iSIM, a new ally for IoT projects

Embedded SIM concept.
Sheila Zabeu -

August 12, 2022

On the Internet of Things, downsizing can offer significant advantages, and the advent of integrated SIM (iSIM) technology advances this further, also helping to improve performance and even simplify supply chains.

The embedded SIM (iSIM) can be considered an evolution of the eSIM (Embedded Subscriber Identity Module), which had already helped to reduce dimensions, enabling the design of more compact and energy-efficient hardware, and also reducing concerns about theft. Based on the GSMA’s ieUICC specification, it aims to increase the existing alternatives for mobile chips.

Both eSIM and iSIM are technologies for authenticating users and devices on mobile networks. From a design perspective, eSIM is soldered directly into the circuitry, while iSIM is integrated into the device’s SOC, saving even more space and also consuming less power. It also enables higher levels of miniaturization by dispensing with SIM card slots and eSIM sockets, which can pave the way for other applications, for example in the field of robotics and medicine or that use sensors in long-distance, low-power networks such as NB-IoT.

Another advantage of iSIM is in the deployment phase, as it allows the operator configurations of networks and subscribers to be done remotely (over-the-air – OTA), just like its brother eSIM. This gives IoT projects the flexibility to change operators when necessary.

Industry observers agree that the market is hot. According to Counterpoint Research, the number of eSIM and iSIM compatible devices shipped is expected to reach over 6 billion by 2025.

Among the more than 14 billion eSIM devices sold between 2021 and 2030, iSIM is the fastest growing, becoming the preferred choice by 2030 across all mobile-connected device categories, according to Counterpoint’s latest eSIM Devices Market Outlook report. After 2027, the iSIM standard is expected to take over as the dominant SIM format, with shipments of compatible devices reaching 7 billion units between 2021 and 2030.

Report Counterpoint - internet reproduction
Source: Counterpoint

Earlier this year, Vodafone, Qualcomm Technologies and Thales demonstrated a functional iSIM-enabled smartphone. According to the companies, a milestone that paves the way for commercialization of the technology in a range of new devices.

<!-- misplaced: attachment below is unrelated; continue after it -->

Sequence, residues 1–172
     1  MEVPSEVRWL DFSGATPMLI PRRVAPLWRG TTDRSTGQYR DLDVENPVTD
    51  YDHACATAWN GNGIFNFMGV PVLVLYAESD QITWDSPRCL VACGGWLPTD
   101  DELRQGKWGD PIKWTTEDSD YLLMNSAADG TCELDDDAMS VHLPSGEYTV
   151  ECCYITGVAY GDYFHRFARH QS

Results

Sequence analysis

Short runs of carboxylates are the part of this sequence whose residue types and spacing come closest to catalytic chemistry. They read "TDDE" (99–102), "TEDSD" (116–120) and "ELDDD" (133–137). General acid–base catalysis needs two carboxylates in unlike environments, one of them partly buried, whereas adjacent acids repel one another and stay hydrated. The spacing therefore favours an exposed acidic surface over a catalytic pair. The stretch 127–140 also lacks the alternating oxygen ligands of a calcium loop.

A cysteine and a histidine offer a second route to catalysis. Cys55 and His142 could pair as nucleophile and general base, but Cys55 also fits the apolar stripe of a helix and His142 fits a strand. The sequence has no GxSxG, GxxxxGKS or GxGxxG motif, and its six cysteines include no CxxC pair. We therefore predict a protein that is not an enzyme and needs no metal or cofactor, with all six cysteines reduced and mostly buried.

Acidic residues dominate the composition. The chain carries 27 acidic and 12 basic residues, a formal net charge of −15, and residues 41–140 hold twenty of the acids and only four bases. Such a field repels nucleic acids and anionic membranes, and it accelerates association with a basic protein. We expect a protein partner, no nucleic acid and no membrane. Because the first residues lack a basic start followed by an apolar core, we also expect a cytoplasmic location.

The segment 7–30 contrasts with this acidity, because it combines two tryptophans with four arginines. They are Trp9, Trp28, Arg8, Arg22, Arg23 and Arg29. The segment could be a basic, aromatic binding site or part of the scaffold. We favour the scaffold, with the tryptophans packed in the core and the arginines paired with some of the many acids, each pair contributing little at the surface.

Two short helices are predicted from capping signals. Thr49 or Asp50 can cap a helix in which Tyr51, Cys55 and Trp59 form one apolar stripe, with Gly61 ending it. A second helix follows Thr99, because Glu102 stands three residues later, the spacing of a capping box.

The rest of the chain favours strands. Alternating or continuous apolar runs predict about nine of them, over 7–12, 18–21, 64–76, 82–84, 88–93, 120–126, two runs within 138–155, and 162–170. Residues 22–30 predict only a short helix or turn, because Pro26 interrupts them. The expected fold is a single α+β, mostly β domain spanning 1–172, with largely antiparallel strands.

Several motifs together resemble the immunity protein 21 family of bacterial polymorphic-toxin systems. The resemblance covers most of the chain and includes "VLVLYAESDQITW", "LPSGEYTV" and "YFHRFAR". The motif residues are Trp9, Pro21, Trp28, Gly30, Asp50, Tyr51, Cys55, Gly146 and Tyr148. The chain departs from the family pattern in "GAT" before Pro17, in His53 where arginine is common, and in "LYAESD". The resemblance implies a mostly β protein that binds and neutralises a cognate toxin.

smartphone iSIM - Qualcomm
Source: Qualcomm

Benefits of the iSIM for IoT

The integrated SIM (iSIM) was developed by Arm on top of the eSIM specification, thinking to eliminate the restriction of traditional SIM cards which, despite offering a robust, reliable and highly tested mechanism for secure identity of phones and other connected cellular devices, cannot have the ownership changed after being deployed, requiring access through physical routes to change the mobile network operator (MNO) responsible for connection services. Thinking about IoT projects that would use large volumes of connected devices or sensors, making physical changes to the SIM would not be feasible at all.

By eliminating the need for a physical SIM or eSIM, iSIM technology addresses several important challenges for IoT innovators, especially in terms of miniaturization. iSIMs make it possible to completely eliminate SIM card slots and eSIM sockets that currently take up a large portion of circuit board space in small devices. This also has the benefit of removing manufacturing steps in production and reducing device power requirements.

Security has not been forgotten. An independent structure makes iSIM technology secure by design, ensuring a unique identity that is less susceptible to tampering – everything (a microcontroller, a cell modem and a SIM identity) on a single chip.

Sectors where every fraction of a millimetre matters – such as wearables, e-textiles and smart trackers – are key early markets for iSIM technology. 

But what more can this next-generation technology do for IoT innovation?

  • Open potential new markets: iSIM reduces power requirements and removes the footprint for SIMs, opening possibilities for new markets beyond small consumer goods and battery-powered devices that cannot always be connected to the power grid. Industries like smart utilities, smart drones and smart meters could take advantage of iSIM technology simply based on its power consumption.

  • Streamline the device and component manufacturing processes. iSIMs remove a step from the manufacturing process and parts to source, helping IoT innovators to accelerate their solutions to market. This has huge impact when it comes to large-scale manufacturing under the supply chain issue we have seen today. In vehicle manufacturing, for example, manufacturers must often wait until every part is available to operate an assembly line. iSIMs remove parts to wait for in the process, helping manufacturers to keep lines in operation with less risk for downtime.

  • Disrupt the value chain. iSIMs can require a different sourcing process than traditional SIMs and eSIMs because there is no option to switch connectivity providers by physically replacing a SIM card or an eSIM chip. Because the iSIM is integrated in the connectivity module, manufacturers, and product designers need to identify connectivity providers who can offer a smart initial bootstrap profile for iSIMs early in the process. Although this may sound like an additional burden, finding the right connectivity partner is a necessary step that saves time and money in deployment.

According to Counterpoint’s study, the first group of iSIM applications for IoT is expected to be presented by leading IoT chipset and module players, such as Quectel, Telit, Sequans and Sony Semi (Altair), in partnership with eSIM enablement players. Other companies interested in boosting the segment are Qualcomm, Thales, IDEMIA, Truphone, Redtea Mobile, Apple, Samsung, and Nokia.